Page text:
This is the biggie difference – without actually meaning a lot in reality.

Warranty – as described by 123-Reg is:

The more expensive GlobalSign certificates come with an insurance policy.  If the certificate is issued or used incorrectly (i.e. they cock up or an act of fraud is commited against you).

I’m not sure on the number of claims that there are on these warranties by the people that have cover from them, but it is likely a very small percentage.

Don’t forget the amount specified isn’t the amount you’d get paid out in the rare situation that the certificate is issued or used incorrectly.  It’s the maximum amount you would be entitled to.

The ‘value’ or a warranty – or lack there of – shouldn’t influence which SSL certificate you pick.  Spend the money on something else – something that will help your website or business more than this is ever likely to – and don’t forget, its not just a one off cost – its a recurring, and for most people, unnecessary cost.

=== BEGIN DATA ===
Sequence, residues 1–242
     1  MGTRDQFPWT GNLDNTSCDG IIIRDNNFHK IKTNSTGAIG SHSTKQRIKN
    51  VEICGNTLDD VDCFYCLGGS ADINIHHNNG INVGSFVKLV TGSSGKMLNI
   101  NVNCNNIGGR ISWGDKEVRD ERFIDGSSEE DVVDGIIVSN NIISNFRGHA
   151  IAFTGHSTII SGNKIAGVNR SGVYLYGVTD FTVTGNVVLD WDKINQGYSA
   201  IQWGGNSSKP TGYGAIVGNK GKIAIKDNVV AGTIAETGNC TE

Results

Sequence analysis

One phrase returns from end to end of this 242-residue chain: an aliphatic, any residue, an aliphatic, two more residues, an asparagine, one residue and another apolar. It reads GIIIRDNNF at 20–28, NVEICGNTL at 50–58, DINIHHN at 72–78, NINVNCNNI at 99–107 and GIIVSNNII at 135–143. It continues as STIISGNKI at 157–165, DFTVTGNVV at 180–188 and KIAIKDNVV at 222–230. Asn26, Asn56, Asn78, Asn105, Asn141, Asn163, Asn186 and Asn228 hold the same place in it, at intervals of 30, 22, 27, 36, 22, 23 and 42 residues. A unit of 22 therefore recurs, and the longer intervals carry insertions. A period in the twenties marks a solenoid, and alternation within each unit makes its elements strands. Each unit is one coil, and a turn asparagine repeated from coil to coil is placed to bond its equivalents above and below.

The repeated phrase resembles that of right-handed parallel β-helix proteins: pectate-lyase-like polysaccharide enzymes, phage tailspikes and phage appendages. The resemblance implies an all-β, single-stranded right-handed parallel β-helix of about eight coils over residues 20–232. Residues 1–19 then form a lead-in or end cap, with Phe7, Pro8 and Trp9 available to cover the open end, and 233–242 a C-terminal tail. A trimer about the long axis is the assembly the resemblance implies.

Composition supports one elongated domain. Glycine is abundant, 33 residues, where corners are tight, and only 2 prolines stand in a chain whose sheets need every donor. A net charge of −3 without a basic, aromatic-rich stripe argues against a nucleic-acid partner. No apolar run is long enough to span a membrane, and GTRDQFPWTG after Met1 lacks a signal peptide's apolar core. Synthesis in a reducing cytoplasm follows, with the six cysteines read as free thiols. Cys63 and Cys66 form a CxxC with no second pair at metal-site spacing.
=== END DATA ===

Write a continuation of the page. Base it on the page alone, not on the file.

Again there’s one key thing to remember:

The value (or lack of) a warranty has 0% impact on your security

It doesn’t make your site any safer.  And even if you were in a claimable situation (extremely unlikely!), its not just going to be a hand over of the maximum amount in a cheque to you – prepare for a drawn out process, potentially even a legal battle (at which point, is it worth it any way?).

Typical Issuance Speed

Again, on the issue of speed from purchase to being live and available for use on your site, cheaper is better.

Due to the, for many, unnecessary extra security checks you have to wait nearly an entire working work compared to just 10 minutes for the lower paid options.


Vetting – here’s some of the extras that you get – kind of.